Chi Rho

Long story short, he won the battle and became Emperor of Rome. Are the miraculous portions of the story true? Who knows?

The Good, the Bad, and the Ugly

Early Christians loved him and if you lived back then, you probably would have to. Christianity had been illegal (Judaism incidentally was NOT illegal), but he legalized it. When Constantine came to power, he granted freedom and official status to Christians and issued the Edict of Milan in 313, which granted religious freedom in Rome. (The Edict of Toleration 2 years prior had done the same, however, in the Roman Empire new Emperor meant new rules.) PLEASE NOTE, he did NOT declare Christianity the official faith of Rome. This is the Encyclopedia Britannica entry for the Edict of Milan:

a proclamation that permanently established religious toleration for Christianity within the Roman Empire. It was the outcome of a political agreement concluded in Milan between the Roman emperors Constantine I and Licinius in February 313. The proclamation, made for the East by Licinius in June 313, granted all persons freedom to worship whatever deity they pleased, assured Christians of legal rights (including the right to organize churches), and directed the prompt return to Christians of confiscated property. Previous edicts of toleration had been as short-lived as the regimes that sanctioned them, but this time the edict effectively established religious toleration.”

Below is an excerpt, but you can read it in its entirety at Early Church Texts:

and that it was proper that the Christians and all others should have liberty to follow that mode of religion which to each of them appeared best; so that that God, who is seated in heaven, might be benign and propitious to us, and to every one under our government. And therefore we judged it a salutary measure, and one highly consonant to right reason, that no man should be denied leave of attaching himself to the rites of the Christians, or to whatever other religion his mind directed him…”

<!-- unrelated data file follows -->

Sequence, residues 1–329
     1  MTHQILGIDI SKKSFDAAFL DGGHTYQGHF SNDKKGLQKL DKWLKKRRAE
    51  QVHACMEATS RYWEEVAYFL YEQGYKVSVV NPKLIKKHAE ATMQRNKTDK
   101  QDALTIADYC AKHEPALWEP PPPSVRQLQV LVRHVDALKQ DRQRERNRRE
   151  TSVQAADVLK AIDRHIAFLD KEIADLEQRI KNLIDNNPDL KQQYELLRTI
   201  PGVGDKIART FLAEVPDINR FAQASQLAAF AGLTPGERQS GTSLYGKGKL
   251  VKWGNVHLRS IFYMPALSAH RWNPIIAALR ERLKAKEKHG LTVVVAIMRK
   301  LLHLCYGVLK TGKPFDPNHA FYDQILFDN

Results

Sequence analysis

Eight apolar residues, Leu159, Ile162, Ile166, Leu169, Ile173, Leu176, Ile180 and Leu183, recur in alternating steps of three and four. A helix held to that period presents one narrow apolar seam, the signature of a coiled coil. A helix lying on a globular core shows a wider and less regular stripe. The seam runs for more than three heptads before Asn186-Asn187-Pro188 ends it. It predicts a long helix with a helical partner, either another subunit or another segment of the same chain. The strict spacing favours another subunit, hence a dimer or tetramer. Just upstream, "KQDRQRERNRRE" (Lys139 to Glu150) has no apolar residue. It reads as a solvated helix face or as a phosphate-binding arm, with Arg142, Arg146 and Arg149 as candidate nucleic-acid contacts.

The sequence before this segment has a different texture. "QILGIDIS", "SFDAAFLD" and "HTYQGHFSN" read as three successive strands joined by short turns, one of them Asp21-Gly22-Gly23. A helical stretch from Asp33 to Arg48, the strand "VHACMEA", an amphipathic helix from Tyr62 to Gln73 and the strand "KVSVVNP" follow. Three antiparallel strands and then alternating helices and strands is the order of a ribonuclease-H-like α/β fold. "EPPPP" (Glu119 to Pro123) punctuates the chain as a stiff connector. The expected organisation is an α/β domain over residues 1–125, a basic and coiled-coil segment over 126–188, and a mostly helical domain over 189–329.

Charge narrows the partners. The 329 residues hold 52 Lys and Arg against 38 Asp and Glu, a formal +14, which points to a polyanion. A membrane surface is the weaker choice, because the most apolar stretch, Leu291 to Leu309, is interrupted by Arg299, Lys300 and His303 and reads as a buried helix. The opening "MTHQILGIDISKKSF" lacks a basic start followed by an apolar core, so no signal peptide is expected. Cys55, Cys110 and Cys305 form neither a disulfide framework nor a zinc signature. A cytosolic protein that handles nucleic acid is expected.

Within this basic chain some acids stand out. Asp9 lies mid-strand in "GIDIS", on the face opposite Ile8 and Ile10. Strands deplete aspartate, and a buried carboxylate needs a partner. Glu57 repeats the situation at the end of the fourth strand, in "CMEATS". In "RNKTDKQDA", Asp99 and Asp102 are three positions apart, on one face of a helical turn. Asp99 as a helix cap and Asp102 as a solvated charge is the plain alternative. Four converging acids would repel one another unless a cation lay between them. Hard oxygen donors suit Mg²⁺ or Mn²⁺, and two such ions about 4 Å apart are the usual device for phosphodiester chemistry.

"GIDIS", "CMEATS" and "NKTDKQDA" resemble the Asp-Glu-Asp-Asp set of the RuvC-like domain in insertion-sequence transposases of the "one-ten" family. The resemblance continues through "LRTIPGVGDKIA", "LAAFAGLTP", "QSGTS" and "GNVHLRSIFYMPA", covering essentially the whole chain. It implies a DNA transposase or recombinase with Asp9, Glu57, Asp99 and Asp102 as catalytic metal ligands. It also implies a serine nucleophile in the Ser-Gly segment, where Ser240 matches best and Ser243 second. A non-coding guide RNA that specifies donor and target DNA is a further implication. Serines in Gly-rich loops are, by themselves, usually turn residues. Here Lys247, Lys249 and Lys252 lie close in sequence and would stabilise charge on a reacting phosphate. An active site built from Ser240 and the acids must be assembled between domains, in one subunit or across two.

Though Constantine began by being very neutral to Christianity, he certainly evolved from this stance to a more supportive one later on by ending state funding of pagan cults, establishing government salaries to be paid to bishops and preachers, etc. Constantine is not, however, responsible for “Christianizing” Rome. You could certainly say that he made the climate favorable for people to convert to Christianity for the first time in history, but his successors are the ones who took the steps to actually make Christianity the favored religion. It was not until 380 AD that Emperor Theodosius made Christianity the state religion, which was almost half a century after Constantine’s death.

While Christians were no doubt overjoyed that they weren’t facing persecution any longer, this did end up having a negative impact on the church because it introduced a new set of problems. Formerly, no one in their right mind would profess to be a Christian unless they truly meant it. Now, being Christian could be socially advantageous. Unfortunately, these advantages also paved the way for false converts and corruption. Arguably the most dangerous of the changes that Constantine was responsible for (or at least in the top of the list) is his conflating government with the church. One of my favorite commentators, David Guzik, has a lecture series on early church history (which I highly recommend) and on this issue he states, “In the long run this was very harmful to the church. It became much more like a corporation and the emperor of Rome was the CEO.”